With bad old Christchurch be-calmed in a grey blanket of drizzly smeg, Ditte and I headed for the clear and cloudless Ashburton Lakes in the Canterbury High Country.
We cruised around Lake Emma, sheet ice floating at its peripheral edge, a shrinking violet under the glare of the mid day sun. Out east the Mt Somers and Taylor Range retained a smattering of snow whilst west the Southern Alps had donned a vivid white overcoat under a soft blue sky. The hut at the far end of the lake dates back to the 1860s and with a bit of a spruce up and a few mattresses would be fit for a king.
Back in 1860
It's faded and peeling light green corrugated iron roof sits above two rooms, a tack shed and verandah. Deeply wrinkled and weathered board and batten clad, its skeleton and inside an old cast iron range has seen better days.
We completed the loop heading into sunset as someone abruptly turned off the big yellow heater in the sky. That's the one bad thing about the great outdoors, it has no R rating to speak of. Zero degrees soon arrived as we made it back to camp.
Starry Starry Night
Camp Lake is a quiet spot with stunning views and in winter the added bonus of no motorboats zooming around the carpark sized water body. We were alone with nothing but a starry sky above, a diesel heated van and a few good books.
A five degree frost lingered beyond our cosy abode as the sun coated the surrounding mountains with liquid light. Our water bottles were one big ice cube and dropper seat posts struggled to deploy.
Cold But Liquid
Cold But Firm
From camp we headed to Mystery Lake via the Lake Clearwater outlet crunching the hard frost under our rigid knobblies with their slow moving sludge of tyre sealant and frozen air inside.
Rugged up like Ali Baba kept the core warm but peripheral limbs inevitably suffered. Frost crystals covered the ground, the low tussocks and snow grass, as we headed for the hills. We soon pared back our layers on the climb drifting slowly up to the solidly frozen Mystery Lake and lunch at 1200 metres.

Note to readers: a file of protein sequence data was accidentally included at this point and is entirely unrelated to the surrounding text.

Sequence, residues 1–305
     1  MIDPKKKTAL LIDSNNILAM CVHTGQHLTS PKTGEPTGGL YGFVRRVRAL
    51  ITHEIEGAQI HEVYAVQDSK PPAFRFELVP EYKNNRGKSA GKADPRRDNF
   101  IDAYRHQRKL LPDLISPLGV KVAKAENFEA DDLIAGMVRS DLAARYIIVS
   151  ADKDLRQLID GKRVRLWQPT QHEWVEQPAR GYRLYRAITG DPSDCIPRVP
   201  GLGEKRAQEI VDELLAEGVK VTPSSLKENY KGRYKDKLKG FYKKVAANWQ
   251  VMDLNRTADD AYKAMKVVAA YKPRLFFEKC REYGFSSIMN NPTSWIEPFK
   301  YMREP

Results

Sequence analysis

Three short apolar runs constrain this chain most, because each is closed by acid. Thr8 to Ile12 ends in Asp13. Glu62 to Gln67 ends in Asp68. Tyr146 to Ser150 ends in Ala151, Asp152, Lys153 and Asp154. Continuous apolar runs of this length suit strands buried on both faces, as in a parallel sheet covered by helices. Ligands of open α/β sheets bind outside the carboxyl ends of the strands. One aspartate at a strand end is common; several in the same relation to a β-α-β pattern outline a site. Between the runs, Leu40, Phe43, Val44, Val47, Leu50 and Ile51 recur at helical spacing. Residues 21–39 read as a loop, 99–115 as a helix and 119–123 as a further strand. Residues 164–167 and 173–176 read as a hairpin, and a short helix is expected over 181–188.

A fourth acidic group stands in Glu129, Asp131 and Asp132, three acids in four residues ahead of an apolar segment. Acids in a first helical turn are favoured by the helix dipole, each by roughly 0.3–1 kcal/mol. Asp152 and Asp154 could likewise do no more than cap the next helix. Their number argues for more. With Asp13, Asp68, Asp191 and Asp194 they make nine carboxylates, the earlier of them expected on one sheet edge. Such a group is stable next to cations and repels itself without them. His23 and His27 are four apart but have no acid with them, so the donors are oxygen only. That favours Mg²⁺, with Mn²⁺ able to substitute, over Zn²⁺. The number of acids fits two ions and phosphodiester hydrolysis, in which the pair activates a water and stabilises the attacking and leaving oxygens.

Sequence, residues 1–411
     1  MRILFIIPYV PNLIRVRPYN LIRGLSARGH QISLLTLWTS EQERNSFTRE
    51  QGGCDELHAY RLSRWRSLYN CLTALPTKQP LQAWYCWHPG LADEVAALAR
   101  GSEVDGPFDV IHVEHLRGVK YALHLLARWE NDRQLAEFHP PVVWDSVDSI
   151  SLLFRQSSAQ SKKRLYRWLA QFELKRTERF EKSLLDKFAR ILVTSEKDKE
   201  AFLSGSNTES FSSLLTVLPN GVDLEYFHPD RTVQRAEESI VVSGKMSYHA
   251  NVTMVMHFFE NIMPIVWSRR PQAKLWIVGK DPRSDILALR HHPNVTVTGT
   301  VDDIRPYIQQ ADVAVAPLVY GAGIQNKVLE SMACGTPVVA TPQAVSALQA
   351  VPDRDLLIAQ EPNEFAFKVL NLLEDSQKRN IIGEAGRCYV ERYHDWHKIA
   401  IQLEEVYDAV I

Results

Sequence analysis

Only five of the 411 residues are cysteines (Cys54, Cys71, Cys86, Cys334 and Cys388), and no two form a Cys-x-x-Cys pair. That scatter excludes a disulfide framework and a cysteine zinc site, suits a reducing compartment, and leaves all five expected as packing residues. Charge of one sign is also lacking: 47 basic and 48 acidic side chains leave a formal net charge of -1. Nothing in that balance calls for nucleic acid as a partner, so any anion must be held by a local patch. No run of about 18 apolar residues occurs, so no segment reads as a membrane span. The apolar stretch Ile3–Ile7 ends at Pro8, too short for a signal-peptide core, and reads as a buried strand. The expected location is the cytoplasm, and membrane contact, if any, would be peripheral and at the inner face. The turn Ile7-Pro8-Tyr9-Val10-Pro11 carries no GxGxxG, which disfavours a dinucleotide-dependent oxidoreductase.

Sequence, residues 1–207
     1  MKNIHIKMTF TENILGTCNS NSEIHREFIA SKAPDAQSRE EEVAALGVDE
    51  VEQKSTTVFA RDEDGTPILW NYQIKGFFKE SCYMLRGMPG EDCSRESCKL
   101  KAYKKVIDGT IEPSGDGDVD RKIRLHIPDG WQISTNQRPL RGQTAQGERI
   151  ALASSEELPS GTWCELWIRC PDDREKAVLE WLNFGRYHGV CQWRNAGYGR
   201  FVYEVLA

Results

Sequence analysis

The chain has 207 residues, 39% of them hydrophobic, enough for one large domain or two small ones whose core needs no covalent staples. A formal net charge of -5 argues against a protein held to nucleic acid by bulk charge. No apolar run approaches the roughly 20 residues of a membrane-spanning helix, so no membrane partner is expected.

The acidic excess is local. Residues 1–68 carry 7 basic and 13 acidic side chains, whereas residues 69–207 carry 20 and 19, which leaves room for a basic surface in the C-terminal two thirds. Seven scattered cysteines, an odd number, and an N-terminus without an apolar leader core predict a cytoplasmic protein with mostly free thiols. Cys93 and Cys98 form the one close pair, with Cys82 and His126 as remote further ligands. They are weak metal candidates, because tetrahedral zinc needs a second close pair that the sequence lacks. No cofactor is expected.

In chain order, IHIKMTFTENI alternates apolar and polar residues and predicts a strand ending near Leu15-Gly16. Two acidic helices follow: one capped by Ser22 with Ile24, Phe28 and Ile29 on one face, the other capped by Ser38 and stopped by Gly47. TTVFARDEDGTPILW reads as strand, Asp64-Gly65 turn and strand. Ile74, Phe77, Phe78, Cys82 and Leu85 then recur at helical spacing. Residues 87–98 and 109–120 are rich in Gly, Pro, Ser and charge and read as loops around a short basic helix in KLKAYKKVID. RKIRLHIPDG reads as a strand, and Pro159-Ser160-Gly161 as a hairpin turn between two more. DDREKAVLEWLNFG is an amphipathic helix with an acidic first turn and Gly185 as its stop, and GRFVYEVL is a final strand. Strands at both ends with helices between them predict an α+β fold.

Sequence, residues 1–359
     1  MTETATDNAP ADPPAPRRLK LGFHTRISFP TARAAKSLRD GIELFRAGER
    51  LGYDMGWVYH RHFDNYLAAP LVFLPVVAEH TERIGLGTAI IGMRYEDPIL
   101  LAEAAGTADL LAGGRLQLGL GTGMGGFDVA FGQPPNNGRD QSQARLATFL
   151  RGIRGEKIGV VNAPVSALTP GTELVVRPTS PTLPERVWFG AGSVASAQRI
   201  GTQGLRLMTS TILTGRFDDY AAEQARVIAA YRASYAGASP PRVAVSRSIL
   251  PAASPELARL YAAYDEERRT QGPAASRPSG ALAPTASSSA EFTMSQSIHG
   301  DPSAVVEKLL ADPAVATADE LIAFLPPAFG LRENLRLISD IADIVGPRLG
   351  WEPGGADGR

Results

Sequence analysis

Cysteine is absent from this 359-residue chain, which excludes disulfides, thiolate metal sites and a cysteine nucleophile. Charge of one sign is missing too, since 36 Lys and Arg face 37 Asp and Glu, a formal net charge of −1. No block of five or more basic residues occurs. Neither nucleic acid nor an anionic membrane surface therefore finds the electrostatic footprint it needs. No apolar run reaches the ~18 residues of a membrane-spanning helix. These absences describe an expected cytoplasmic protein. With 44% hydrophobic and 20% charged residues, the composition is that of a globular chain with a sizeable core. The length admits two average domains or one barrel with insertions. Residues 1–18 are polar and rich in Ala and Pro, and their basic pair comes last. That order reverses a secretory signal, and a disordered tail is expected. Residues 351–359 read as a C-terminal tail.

We looped back onto the excellent slice of single track that takes the TA walkers to the west end of Lake Clearwater.
Snow & Ice
From there it was just a case of following the trail around the south side of the lake back to camp while the sun still shone. The Clearwater camp and batches were empty all but one. Not long after sunset a big orange ball appeared in the east, no wonder our ancestors believed in magic.
From Lake Heron, after another epic frosty start to the day, we climbed up Lake Hill to the trig. A place to ponder the vastness of Lake Heron, the wildlife paddling around it, oblivious to the cold and the sheer scale of the surrounding mountains on offer.
What a View
We headed vaguely north to join the Double Hut Track. A mix of old farm 4WD and single track, took us all the way to this old mustering hut with a “must not get our feet wet” river crossing along the way.
It's a slow but steady climb on a wide and flat river terrace. This roams up the true right bank of the Swin Stream. Double Hut shelterers below the rugged western ridge of Mt Taylor. Its old school thick corrugated iron from top to toe with a ton of lead-head nail fit for a hurricane. Cosy inside but lunch was back out in the warm sun studying the hut book. It contained page upon page of TA walkers, most arriving via Clent Hills Saddle from Comyns Hut.
Ditte van Gogh
It was definitely off season with only a farmer and dogs way off in the distance, which confirmed that all humans hadn't left the planet. We continued to Seagull Lake across a one kilometre wide shingle fan, left behind by the last big flood.
An impromptu curling session using large chunks of ice on the frozen Seagull Lake produced no clear winner, but we got well past the half way mark. To avoid the rapidly thawing and sticky trail we headed back in the shadow of the Longman Range and down the completely dry Swin riverbed back to base.
What a Day
Mist rolled in late that night and enveloped the landscape in a eery glow. It hung around the mirror lake in silence the next morning as we packed and headed home. Frost would rule the morning of yet another day.